Most charged premiums well above private insurance rates, typically 150 to 200 percent of the prevailing average. According to a Kaiser Family Foundation calculator, the average “silver” plan premium for a family of four on the ACA exchanges is $923 per month. Applying the 2011 high-risk markups to that amount would give a range of $16,614 to $22,152 — approximately 30 to 40 percent of median household income.

Deductibles further limited affordability. In 29 states, the deductible was $1,000 or more, and it was $5,000 or more in 10 states.

Most states had lifetime coverage limits, typically $1 million or $2 million. Several states also had annual limits.

Some states closed enrollment altogether when funds ran out. Others had waiting periods or excluded treatment of preexisting conditions for a period after initial enrollment in the pool.

On balance, then, the high-risk pools of the past fell far short of universal accessibility and affordability. Pools that covered the full needs of all medically eligible individuals at an affordable cost would require much larger budget allocations than either the federal government or most states seem willing to appropriate.

As reality hits, the curtain falls on high-risk pools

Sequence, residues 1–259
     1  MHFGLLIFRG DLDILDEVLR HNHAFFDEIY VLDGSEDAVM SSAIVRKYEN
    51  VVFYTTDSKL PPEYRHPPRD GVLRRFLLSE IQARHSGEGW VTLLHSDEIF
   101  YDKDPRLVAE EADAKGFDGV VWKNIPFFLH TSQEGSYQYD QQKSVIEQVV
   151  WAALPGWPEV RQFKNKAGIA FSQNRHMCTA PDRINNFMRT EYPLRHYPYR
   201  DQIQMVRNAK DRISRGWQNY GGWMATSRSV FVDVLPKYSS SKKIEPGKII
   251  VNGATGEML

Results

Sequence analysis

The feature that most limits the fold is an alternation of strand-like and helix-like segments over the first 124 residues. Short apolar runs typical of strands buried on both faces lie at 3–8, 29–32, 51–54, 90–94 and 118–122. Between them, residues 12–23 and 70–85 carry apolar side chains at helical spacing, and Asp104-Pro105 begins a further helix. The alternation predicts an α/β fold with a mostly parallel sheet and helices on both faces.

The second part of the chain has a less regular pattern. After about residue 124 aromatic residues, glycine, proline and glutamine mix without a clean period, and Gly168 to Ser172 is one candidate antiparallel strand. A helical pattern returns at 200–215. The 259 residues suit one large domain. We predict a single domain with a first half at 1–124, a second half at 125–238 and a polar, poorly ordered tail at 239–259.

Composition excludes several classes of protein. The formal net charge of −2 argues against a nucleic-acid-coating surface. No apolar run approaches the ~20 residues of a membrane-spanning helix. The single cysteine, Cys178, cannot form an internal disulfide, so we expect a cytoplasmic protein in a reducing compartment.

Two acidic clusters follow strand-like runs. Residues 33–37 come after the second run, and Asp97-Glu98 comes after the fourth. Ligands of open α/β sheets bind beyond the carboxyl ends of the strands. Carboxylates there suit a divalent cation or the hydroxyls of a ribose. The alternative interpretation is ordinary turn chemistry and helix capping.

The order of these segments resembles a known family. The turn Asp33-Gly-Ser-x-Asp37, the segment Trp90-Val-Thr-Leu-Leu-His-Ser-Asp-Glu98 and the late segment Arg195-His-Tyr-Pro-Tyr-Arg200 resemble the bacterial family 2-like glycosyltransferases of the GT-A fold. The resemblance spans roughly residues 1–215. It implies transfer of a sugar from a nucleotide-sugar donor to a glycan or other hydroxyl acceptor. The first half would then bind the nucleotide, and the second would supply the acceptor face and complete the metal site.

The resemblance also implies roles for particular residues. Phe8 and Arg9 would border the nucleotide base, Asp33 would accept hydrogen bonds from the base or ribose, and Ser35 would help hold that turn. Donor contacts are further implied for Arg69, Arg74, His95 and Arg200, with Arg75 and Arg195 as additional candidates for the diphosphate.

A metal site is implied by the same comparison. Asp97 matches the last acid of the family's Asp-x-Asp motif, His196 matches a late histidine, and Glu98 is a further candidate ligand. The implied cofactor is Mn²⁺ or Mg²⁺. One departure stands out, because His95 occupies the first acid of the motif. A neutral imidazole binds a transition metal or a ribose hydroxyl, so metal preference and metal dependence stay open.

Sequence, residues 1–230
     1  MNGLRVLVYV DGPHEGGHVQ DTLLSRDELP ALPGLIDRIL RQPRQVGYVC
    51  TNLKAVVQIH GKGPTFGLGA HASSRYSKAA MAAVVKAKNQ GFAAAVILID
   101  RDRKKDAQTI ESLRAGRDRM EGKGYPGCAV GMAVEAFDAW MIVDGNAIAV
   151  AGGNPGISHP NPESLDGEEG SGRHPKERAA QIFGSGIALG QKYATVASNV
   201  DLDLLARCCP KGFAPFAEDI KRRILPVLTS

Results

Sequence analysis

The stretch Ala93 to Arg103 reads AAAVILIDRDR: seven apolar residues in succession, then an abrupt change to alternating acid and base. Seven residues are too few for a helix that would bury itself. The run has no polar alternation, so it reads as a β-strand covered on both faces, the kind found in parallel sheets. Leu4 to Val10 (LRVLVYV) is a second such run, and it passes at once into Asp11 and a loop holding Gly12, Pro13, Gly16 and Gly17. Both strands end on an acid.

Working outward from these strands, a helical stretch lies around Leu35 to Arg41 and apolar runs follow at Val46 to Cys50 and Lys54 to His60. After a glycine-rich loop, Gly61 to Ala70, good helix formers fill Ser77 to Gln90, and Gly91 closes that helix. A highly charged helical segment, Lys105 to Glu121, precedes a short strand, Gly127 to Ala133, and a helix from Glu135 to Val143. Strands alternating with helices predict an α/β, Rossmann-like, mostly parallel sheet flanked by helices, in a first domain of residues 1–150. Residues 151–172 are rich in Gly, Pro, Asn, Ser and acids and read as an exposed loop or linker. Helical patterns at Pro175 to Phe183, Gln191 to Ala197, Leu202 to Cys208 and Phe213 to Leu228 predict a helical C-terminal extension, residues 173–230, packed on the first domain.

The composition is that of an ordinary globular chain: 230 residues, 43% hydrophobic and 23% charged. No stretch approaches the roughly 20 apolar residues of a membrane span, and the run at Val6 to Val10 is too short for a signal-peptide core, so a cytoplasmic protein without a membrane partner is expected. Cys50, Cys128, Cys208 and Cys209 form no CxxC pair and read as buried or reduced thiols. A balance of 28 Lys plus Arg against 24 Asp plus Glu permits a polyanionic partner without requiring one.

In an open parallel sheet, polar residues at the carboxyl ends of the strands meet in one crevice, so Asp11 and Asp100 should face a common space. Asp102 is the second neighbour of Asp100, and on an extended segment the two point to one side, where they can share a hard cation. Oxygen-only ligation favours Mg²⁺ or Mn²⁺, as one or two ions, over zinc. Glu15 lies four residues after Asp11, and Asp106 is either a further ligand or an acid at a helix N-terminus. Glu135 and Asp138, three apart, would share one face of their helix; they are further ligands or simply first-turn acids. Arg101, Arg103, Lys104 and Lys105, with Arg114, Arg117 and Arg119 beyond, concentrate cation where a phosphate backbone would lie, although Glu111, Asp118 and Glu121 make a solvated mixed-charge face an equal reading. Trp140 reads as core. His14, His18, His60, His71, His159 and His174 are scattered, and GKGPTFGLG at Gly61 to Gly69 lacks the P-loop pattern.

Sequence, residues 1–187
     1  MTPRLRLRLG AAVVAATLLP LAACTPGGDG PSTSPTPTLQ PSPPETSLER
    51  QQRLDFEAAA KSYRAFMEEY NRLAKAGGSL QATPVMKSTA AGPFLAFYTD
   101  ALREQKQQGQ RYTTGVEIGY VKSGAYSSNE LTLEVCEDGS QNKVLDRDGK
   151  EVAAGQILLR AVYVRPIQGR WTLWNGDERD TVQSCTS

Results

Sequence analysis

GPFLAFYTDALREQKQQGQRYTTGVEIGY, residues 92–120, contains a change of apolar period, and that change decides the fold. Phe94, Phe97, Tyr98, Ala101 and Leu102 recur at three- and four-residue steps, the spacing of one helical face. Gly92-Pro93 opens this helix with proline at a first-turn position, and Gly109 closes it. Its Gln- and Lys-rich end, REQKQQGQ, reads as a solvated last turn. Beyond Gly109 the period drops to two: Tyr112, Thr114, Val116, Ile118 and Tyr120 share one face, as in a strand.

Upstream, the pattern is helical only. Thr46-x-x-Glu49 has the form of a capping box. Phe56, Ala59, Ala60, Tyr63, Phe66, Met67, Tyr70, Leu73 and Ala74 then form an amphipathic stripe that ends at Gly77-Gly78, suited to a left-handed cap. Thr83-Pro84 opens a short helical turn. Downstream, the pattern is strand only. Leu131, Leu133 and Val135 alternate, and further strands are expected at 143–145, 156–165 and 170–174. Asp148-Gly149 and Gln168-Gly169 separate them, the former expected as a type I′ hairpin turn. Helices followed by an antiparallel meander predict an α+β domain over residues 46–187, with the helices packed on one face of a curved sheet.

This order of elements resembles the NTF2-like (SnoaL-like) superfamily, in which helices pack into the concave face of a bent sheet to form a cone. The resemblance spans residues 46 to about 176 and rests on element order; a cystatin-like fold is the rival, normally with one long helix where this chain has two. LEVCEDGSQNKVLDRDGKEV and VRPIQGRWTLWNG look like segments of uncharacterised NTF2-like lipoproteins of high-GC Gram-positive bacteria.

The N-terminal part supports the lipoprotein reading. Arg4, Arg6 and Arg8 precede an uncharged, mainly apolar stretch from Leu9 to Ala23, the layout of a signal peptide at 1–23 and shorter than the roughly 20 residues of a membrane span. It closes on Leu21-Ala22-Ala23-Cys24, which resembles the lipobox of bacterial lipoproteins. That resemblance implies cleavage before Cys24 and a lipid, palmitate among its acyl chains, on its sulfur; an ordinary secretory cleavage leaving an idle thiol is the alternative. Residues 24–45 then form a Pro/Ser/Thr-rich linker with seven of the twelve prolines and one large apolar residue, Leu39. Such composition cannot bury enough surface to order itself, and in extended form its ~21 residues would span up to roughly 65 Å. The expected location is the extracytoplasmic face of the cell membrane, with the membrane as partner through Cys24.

My guess is that somewhere along the line, hard-working staffers for Price and Ryan sat down with their principals and explained the math. The conversation would have gone like this:

Staffer: If you want to get serious about high-risk pools, it will cost not ten billion dollars a year, but rather hundreds of billions.

Price and Ryan: No, thanks.

However, given the rhetorical capital invested in high-risk pools, some face-saving gesture was needed. Section 132 of the draft legislation from the House Energy and Commerce Committee (call it Ryancare, if you like) provides the needed cover in the form of a proposed Patient and State Stability Fund, which, as mentioned above, gets an allocation of $10 billion, plus an extra $5 billion for startup costs for the first two years.

Note, however, that high-risk pools are just one of several things on which states can spend their share of the (woefully inadequate) Section 132 money. They are free to use it for other purposes that they think will stabilize premiums in the individual or small group market, or even to subsidize dental and vision care. Then, too, they can turn the money down altogether, in which case the Centers for Medicare and Medicaid Services will spend it for them in other ways to help stabilize premiums in the declining state.